Everyman's Library 100 Titles Set

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9780307385253: Everyman's Library 100 Titles Set

The Everyman’s Library 100 Essentials brings together a selection of 100 of the bestselling titles from the most extensive and distinguished collectible library of the world’s greatest works. An enduring hardcover library of classic and contemporary works from literature to history to philosophy, Everyman’s Library editions feature original introductions, up-to-date bibliographies, and complete chronologies of the authors’ lives and works.

This set includes one each of the following titles:

The Aeneid by Virgil
The Analects by Confucius
Animal Farm by George Orwell
Anna Karenina by Leo Tolstoy
The Arabian Nights by Husain Haddawy
The Audubon Reader by John James Audubon
Beloved by Toni Morrison
The Big Sleep; Farewell, My Lovely; The High Window by Raymond Chandler
Black Mischief, Scoop, The Loved One, The Ordeal of Gilbert Pinfold by Evelyn Waugh
The Bookshop, The Gate of Angels, The Blue Flower by Penelope Fitzgerald
The Border Trilogy by Cormac McCarthy
Brideshead Revisited by Evelyn Waugh
The Brothers Karamazov by Fyodor Dostoevsky
Canterbury Tales by Geoffrey Chaucer
Carried Away by Alice Munro
The Castle by Franz Kafka
Catch-22 by Joseph Heller
Collected Stories by Raymond Chandler
Collected Stories by Roald Dahl
Collected Stories by Franz Kafka
Collected Stories by W. Somerset Maugham
The Complete Henry Bech by John Updike
The Complete Short Novels by Anton Chekhov
The Complete Short Stories by Evelyn Waugh
Crime and Punishment by Fyodor Dostoevsky
David Copperfield by Charles Dickens
Democracy in America by Alexis de Tocqueville
The Divine Comedy by Dante Alighieri
Doctor Zhivago by Boris Pasternak
Don Quixote by Miguel de Cervantes
Dubliners by James Joyce
Essays by George Orwell
The Garden of the Finzi-Continis by Giorgio Bassani
The General in His Labyrinth by Gabriel García Márquez
Great Expectations by Charles Dickens
The Handmaid’s Tale by Margaret Atwood
Heart of Darkness by Joseph Conrad
The Histories by Herodotus
A House for Mr. Biswas by V. S. Naipul
The House of the Spirits by Isabel Allende
The Human Factor by Graham Greene
The Iliad by Homer
Jane Eyre by Charlotte Brontë
Joseph and His Brothers by Thomas Mann
The Lady in the Lake, The Little Sister, The Long Goodbye, Playback by Raymond Chandler
Lolita by Vladimir Nabokov
Love in the Time of Cholera by Gabriel García Márquez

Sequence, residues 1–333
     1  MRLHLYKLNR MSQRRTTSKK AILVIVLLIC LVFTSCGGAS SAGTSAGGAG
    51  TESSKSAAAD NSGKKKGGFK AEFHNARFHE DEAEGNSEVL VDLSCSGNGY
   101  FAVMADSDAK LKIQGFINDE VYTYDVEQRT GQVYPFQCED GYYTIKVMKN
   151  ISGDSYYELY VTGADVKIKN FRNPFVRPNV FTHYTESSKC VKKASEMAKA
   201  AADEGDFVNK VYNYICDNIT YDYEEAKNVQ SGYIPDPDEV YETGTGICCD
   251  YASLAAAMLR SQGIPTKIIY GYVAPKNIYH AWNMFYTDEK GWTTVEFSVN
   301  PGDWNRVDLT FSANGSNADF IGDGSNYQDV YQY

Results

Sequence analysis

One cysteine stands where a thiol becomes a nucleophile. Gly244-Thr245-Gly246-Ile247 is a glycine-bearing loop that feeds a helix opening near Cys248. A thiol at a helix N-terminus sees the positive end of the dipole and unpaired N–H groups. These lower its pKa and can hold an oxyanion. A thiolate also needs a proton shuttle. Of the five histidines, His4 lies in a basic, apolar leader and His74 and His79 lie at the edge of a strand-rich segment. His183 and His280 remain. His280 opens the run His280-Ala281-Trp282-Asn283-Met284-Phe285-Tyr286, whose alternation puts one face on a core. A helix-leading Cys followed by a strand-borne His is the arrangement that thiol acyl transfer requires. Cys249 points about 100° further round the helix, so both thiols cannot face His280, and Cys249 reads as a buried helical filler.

Madame Bovary by Gustave Flaubert
The Magic Mountain by Thomas Mann
The Maltese Falcon, The Thin Man, Red Harvest by Dashiell Hammett
Meditations by Marcus Aurelius
Midnight’s Children by Salman Rushdie
The Mill on the Floss by George Eliot
Moby-Dick by Herman Melville
Molloy, Malone Dies, The Unnamable by Samuel Beckett
Mr. Sampath–The Printer of Malgudi, The Financial Expert, Waiting for the Mahatma by R. K. Narayan
Mrs. Dalloway by Virginia Woolf
My Ántonia by Willa Cather
The Name of the Rose by Umberto Eco
Nineteen Eighty-Four by George Orwell
The Odyssey by Homer
Offshore, Human Voices, The Beginning of Spring by Penelope Fitzgerald
Oliver Twist by Charles Dickens
One Day in the Life of Ivan Denisovich by Alexander Solzhenitsyn
One Hundred Years of Solitude by Gabriel García Márquez
Pale Fire by Vladimir Nabokov
A Passage to India by E. M. Forster
The Periodic Table by Primo Levi
The Plague, The Fall, Exile and the Kingdom, and Selected Essays by Albert Camus
Pnin by Vladimir Nabokov
A Portrait of the Artist as a Young Man by James Joyce
The Postman Always Rings Twice, Double Indemnity, Mildred Pierce, and Selected Stories by James M. Cain
Pride and Prejudice by Jane Austen
The Prime of Miss Jean Brodie, The Girls of Slender Means, The Driver’s Seat, The Only Problem by Muriel Spark
The Prince by Niccolo Machiavelli
Rabbit Angstrom by John Updike
The Radetzky March by Joseph Roth
The Republic by Plato
Rights of Man and Common Sense by Thomas Paine
The Scarlet Letter by Nathaniel Hawthorne
Sense and Sensibility by Jane Austen
Song of Solomon by Toni Morrison
Speak, Memory by Vladimir Nabokov
The Stranger by Albert Camus
Swami and Friends, The Bachelor of Arts, The Dark Room, The English Teacher by R. K. Narayan
Tao Te Ching by Lao-Tzu
The Tale of Genji by Murasaki Shikibu
A Tale of Two Cities by Charles Dickens
The Talented Mr. Ripley, Ripley Under Ground, Ripley’s Game by Patricia Highsmith
The Trial by Franz Kafka
The Wealth of Nations by Adam Smith
The Woman Warrior and China Men by Maxine Hong Kingston
Things Fall Apart by Chinua Achebe
This Side of Paradise by F. Scott Fitzgerald
To the Lighthouse by Virginia Woolf
Tom Sawyer and Huckleberry Finn by Mark Twain
Ulysses by James Joyce
Walden by Henry David Thoreau
We Tell Ourselves Stories in Order to Live by Joan Didion
Zeno’s Conscience by Italo Svevo

Everyman’s Library continues to maintain its original commitment to publishing the most significant world literature in editions that reflect a tradition of fine bookmaking. Everyman’s Library pursues the highest standards, utilizing modern prepress, printing, and binding technologies to produce classically designed books printed on acid-free natural-cream-colored text paper and including Smyth-sewn, signatures, full-cloth cases with two-color case stamping, decorative endpapers, silk ribbon markers, and European-style half-round spines.

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Review:

Everyman's Library celebrates over 100 years of publishing with the Everyman's Library 100 Essentials Set including one hundred bestselling titles from their distinguished catalog (from Austen to Atwood, Dante to Dostoyevsky). Each beautifully bound hardcover book features decorative endpapers, silk ribbon markers, and European-style half-round spines.

The History
Everyman's Library was founded in 1906 by London publisher Joseph Malaby Dent with the purpose of publishing literature that would appeal "to every kind of reader: the worker, the student, the cultured man, the child, the man and the woman." Everyman's Library editions feature original introductions, up-to-date bibliographies, and complete chronologies of the authors' lives and works.